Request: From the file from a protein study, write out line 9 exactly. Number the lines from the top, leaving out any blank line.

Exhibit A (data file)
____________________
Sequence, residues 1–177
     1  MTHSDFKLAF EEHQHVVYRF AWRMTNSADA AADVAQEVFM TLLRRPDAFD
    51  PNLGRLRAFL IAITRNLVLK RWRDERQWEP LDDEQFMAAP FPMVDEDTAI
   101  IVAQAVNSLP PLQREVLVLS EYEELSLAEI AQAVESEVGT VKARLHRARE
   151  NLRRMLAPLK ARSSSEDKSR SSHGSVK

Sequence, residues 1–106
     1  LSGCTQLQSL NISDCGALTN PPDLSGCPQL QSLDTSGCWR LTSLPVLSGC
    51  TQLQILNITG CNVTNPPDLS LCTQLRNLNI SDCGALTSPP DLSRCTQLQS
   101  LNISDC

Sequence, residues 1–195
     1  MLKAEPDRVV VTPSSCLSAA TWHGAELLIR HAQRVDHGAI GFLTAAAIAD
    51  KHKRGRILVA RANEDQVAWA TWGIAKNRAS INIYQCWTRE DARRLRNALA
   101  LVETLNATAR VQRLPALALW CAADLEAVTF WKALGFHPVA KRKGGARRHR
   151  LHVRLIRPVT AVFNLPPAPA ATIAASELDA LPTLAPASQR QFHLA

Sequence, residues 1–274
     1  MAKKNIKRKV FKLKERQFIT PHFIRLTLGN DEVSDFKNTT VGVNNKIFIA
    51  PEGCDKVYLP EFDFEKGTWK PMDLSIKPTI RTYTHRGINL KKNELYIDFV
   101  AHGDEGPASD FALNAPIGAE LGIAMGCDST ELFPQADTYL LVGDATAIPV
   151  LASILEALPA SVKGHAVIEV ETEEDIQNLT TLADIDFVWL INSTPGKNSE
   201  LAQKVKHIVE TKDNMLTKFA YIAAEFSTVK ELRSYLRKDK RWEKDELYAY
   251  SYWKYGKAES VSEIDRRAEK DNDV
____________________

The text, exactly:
   101  LNISDC